The Other I

April 6, 2015

Faux encouragement

Filed under: Just Stuff — theotheri @ 3:43 pm

In order to illustrate my brilliant insight, I must first confess to downloading a game of Klondike Solitaire, my preferred time-waster that had to be replaced after my recent computer crash.  I’ve been playing it on and off now for close to a month, and I find it so irritating I might have to give it up.

My irritation is that whenever I win a game, the screen shouts “Congratulations! You won!”

Fine.  But when I lose, the screen says “You have run out of moves.  Good Game!”

And that’s what I find so irritating.  It reminds me of an enabling teacher or parent who tries to build self-confidence in their child or student by praising them even when they fail.

That is not how mature self-confidence is built.

Because self-confidence doesn’t come from others’ opinions of our accomplishments.  It doesn’t even come from always succeeding.  It comes from confidence in our own ability to assess what we have done.  We need to be able to say “Yes, I did my best,” or “I did as well as I wanted to,” or “I didn’t get this right;  can I do it better?  Do I want to do better?  If so, how?”  At that point, we might ask for advice.  But that is quite different from encouragement based on false praise.

Yes, we need to know that we are loved.  That is not the same thing as needing indiscriminate praise.  We need to learn to be proud – or not – of ourselves.  What parents and teachers need to help children do is to evaluate themselves.  “What do you think about that work you just did?” is potentially a more helpful response than offering our own assessments as if our opinions were what really matter.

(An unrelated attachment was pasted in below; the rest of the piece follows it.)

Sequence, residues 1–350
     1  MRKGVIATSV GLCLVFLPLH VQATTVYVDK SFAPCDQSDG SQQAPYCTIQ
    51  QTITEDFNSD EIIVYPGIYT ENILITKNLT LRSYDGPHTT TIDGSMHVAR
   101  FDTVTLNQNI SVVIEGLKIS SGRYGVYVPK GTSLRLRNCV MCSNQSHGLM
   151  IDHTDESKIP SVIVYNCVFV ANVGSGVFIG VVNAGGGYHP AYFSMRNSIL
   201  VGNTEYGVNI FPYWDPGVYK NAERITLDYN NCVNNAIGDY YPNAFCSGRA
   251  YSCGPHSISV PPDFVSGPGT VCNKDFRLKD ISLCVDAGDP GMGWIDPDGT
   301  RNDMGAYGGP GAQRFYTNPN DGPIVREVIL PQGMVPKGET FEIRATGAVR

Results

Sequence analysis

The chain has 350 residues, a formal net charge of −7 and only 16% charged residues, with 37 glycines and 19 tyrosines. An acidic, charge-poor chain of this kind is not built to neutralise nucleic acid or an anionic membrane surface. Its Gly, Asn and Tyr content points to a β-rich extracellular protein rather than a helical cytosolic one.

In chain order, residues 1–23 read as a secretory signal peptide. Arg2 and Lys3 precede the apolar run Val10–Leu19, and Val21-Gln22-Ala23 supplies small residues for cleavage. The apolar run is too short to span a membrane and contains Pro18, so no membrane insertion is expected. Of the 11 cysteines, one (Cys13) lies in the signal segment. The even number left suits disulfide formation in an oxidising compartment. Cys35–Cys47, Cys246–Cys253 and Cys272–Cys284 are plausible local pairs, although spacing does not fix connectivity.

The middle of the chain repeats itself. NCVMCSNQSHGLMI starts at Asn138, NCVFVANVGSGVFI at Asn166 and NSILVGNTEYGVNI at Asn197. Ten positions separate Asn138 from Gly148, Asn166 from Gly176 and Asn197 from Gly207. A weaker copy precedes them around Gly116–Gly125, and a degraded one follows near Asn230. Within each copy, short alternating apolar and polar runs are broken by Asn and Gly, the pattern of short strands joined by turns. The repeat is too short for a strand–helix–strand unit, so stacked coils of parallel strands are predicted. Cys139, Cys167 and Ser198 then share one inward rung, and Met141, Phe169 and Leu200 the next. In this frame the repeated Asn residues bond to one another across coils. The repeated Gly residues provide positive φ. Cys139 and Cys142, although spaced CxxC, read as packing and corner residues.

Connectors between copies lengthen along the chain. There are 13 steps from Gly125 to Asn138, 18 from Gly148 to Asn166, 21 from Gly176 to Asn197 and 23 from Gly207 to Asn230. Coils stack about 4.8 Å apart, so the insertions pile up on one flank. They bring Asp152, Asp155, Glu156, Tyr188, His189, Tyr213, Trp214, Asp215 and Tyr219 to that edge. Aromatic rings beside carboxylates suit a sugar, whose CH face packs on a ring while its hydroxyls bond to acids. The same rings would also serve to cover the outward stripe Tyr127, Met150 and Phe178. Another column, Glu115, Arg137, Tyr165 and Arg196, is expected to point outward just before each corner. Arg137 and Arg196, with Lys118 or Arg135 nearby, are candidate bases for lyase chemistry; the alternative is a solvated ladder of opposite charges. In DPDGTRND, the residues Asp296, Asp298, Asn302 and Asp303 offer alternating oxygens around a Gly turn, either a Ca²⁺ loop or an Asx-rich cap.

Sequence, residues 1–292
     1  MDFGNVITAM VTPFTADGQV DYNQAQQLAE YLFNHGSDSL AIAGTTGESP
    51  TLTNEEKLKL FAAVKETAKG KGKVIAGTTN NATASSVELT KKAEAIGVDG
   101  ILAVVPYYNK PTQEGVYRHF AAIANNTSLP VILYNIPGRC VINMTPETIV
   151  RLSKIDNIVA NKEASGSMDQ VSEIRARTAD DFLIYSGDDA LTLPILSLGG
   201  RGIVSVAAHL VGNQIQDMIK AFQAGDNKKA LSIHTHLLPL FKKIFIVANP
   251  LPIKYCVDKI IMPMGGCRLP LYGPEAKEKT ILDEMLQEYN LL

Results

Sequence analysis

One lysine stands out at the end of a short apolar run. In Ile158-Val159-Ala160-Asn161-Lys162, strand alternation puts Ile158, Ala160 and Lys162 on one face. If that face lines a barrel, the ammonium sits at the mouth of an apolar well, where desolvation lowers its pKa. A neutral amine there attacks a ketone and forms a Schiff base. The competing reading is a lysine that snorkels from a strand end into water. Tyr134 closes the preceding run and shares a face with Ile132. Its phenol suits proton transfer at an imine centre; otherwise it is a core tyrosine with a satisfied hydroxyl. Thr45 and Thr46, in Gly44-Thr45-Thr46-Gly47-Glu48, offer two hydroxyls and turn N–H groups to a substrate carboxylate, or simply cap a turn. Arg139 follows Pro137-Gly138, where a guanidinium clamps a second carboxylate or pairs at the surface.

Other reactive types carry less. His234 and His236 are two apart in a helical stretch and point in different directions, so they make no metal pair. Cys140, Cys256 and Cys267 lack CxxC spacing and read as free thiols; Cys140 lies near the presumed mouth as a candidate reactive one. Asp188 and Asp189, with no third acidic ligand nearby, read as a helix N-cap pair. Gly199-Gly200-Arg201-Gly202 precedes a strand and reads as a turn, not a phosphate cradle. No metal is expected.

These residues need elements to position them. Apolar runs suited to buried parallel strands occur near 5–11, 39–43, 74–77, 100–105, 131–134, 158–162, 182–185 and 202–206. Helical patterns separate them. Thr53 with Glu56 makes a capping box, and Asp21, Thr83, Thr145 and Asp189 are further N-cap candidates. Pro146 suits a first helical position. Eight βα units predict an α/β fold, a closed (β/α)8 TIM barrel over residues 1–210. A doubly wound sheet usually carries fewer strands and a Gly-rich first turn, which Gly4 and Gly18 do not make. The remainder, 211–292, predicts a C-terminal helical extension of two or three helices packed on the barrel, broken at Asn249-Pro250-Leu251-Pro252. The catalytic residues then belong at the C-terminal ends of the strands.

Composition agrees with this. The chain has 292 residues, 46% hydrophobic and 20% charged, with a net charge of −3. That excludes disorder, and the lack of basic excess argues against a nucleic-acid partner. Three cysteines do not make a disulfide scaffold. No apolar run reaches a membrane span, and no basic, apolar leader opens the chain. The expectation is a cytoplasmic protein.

If we can’t judge our own accomplishments (or failures), we remain dependent psychologically.  We can’t stand on our own two feet.  And as human beings, we need to be able to stand up for what we believe in, for what we decide is important, even when it seems that everybody else disagrees with us.  We decide, for instance, that we have to be thinner, more beautiful, smarter, richer, more popular, more famous because that’s what everybody says.

But it’s not the recipe for happiness.

So was this a good post?  can I play another game of Solitaire now?



  1. Yes, false praise is very annoying. If some insight on performance is added, it makes it better.

    While on the subject, a ‘sidey’ question: did the rennaisance masters receive enough appreciation during their life-times?


    Comment by tskraghu — April 6, 2015 @ 4:25 pm | Reply

    • Interesting question – not one that has ever occurred to me. On the other hand, I have reached the conclusion that in the Great Scheme of Things, the judgements society makes about either the living or the dead is not worth a lot, even in terms of accuracy. So many great things have been contributed by people who are completely anonymous. And I dare say, I strongly suspect that many of those labelled among the Great and the Good would not survive too much scrutiny. Wouldn’t you agree?

      (On the other hand, I do appreciate that what people think of us as we travel through our days in life can make a huge difference on almost every level.)

      On Mon, Apr 6, 2015 at 5:25 PM, The Other I wrote:



      Comment by Terry Sissons — April 6, 2015 @ 8:08 pm | Reply

  2. Well, the blog was so-so – maybe you should skip 2 or 3 games of solitaire. 😄


    Comment by rayvoith — April 6, 2015 @ 5:22 pm | Reply

    • Ah ha! joisted by my own petard!

      On Mon, Apr 6, 2015 at 6:22 PM, The Other I wrote:



      Comment by Terry Sissons — April 6, 2015 @ 8:09 pm | Reply